Australia: Accept no substitutes – Assignment will not cure defective trade mark filing

Last Updated: 18 June 2017
Article by Helen Macpherson

The Full Court of the Federal Court has issued a significant decision in relation to trade mark ownership, which reconfirms the position in relation to the assignment of trade mark applications which have been filed in incorrect applicant names. The decision in Pham Global Pty Ltd v Insight Clinical Imaging Pty Ltd [2017] FCAFC 83 clarifies the standing of the widely cited and followed decision in Crazy Ron's Communications Pty Limited v Mobileworld Communications Pty Limited [2004] FCAFC 196. Statements made by the Full Court in the Crazy Ron's decision have been relied on by some brand owners and attorneys as authority for the position that the requirement that the applicant be the owner of the trade mark can be satisfied at any time during the application process. The Full Court in Pham Global has finally given some clarity to brand owners and attorneys alike that these statements are 'plainly wrong'.

The takeaway

Brand owners and their attorneys must make certain that applications are filed in the name of the mark's actual owner. Ownership can arise in one of two ways: first by reason of authorship and prior use; and secondly by reason of authorship, the filing of the application, and an intention to use the mark.

Critically, mistakes as to ownership cannot be cured after filing by assignment to the rightful owner. This means that applications filed in the wrong name are vulnerable to revocation or opposition on the ground that the applicant at the time of filing was not the owner of the trade mark. Withdrawing and refiling the application in the rightful owner's name will be the only real means of resolution in such cases.

Prospective assignees and purchasers of trade marks must also ensure that ownership history is reviewed in pre-transaction investigations. Where there is any doubt about a mark's original ownership, appropriate indemnities or warranties should be obtained.


Pham Global Pty Ltd, which subsequently changed its name to Insight Radiology Pty Ltd (IR) appealed to the Full Court against a decision by a single Federal Court judge that held, among other things, that IR's trade mark should be refused registration because it was substantially identical to a mark registered to Insight Clinical Imaging Pty Ltd (ICI).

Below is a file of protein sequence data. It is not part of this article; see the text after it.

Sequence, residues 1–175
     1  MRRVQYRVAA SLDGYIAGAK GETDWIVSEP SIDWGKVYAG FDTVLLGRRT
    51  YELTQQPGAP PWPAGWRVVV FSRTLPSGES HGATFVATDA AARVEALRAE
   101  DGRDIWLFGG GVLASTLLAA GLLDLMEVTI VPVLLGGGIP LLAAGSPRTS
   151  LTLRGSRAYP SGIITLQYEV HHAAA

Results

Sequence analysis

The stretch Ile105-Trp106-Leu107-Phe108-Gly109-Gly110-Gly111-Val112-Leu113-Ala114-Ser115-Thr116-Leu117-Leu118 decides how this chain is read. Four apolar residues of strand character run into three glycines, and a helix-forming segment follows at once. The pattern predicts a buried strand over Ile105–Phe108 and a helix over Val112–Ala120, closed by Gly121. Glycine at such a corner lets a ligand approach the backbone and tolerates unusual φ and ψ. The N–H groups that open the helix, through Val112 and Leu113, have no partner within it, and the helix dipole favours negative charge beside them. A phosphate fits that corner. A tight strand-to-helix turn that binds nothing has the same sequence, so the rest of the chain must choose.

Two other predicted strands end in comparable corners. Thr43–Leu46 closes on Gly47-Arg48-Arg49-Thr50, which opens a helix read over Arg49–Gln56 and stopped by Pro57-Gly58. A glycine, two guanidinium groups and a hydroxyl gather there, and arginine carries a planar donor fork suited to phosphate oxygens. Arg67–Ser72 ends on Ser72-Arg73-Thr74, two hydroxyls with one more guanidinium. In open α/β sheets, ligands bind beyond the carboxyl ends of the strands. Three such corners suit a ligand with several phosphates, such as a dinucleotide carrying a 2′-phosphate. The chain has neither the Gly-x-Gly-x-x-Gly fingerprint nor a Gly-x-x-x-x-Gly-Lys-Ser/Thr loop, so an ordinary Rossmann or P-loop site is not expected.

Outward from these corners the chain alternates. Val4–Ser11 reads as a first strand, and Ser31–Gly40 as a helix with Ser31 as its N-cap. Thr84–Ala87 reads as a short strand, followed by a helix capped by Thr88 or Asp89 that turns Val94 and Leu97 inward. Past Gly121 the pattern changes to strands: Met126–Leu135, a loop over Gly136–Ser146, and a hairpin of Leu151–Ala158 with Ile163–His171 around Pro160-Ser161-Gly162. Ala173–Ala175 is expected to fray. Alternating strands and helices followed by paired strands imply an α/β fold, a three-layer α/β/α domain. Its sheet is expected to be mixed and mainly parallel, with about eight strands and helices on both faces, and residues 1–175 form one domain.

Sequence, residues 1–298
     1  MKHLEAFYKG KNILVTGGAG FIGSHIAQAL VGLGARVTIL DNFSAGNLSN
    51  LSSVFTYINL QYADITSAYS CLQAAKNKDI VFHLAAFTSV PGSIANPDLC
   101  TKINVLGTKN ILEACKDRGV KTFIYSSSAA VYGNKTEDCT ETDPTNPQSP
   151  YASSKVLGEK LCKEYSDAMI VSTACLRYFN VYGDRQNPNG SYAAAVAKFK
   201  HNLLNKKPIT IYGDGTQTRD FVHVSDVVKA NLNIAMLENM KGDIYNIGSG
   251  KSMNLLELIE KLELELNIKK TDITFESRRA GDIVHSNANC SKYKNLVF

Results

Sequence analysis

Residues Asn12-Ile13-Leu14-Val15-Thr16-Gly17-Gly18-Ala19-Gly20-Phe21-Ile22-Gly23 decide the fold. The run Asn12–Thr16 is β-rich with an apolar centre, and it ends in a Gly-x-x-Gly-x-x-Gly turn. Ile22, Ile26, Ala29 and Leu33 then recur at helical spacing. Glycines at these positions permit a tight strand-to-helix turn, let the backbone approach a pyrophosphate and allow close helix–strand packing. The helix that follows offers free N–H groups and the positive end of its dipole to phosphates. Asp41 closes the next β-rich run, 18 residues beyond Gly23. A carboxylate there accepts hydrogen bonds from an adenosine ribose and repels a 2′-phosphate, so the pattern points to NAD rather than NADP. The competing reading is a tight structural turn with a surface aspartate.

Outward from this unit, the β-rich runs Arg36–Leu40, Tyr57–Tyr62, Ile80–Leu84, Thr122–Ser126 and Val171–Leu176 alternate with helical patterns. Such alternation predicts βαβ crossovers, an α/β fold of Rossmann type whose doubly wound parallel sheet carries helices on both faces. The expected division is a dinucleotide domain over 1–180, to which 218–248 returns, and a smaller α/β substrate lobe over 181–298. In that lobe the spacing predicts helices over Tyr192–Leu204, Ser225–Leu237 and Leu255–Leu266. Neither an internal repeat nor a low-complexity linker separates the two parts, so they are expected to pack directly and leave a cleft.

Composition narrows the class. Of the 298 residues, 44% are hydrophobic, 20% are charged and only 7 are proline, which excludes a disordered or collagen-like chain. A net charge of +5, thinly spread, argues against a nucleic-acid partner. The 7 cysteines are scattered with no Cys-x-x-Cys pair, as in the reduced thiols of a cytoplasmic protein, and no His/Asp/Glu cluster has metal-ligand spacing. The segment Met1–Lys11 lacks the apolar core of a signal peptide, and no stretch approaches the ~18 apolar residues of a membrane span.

The IR trade mark The ICI trade mark

Although the Full Court dismissed IR's appeal on all grounds, it devoted considerable attention to the primary judge's rejection of several of ICI's grounds of opposition, chief of which was ICI's opposition based on ss 27(1)(a) and 58 of the

(Cth) (Act).

Section 58 provides that the registration of a trade mark may be opposed on the ground that "the applicant is not the owner of the trade mark". Section 27(1)(a) states that a trade mark application must be in the name of a person who "claims to be the owner of the trade mark".

ICI argued that the application for the IR trade mark was invalid because it was filed in the name of Mr Pham, who did not own the trade mark, rather IR owned the trade mark. ICI argued that the later assignment of the application to IR did not cure this mistake. IR agreed that it was the owner of the trade mark but argued that, further to assignment, it was now also the named applicant on the application, therefore section 58 did not apply. The primary judge rejected ICI's contention that the initial designation of Mr Pham as applicant was fatal to the application. Her Honour instead decided (relying on statements in Crazy Ron's, among other cases) that the requirement that the applicant be the owner of the trade mark could be satisfied at any stage of the application, not only at the filing date.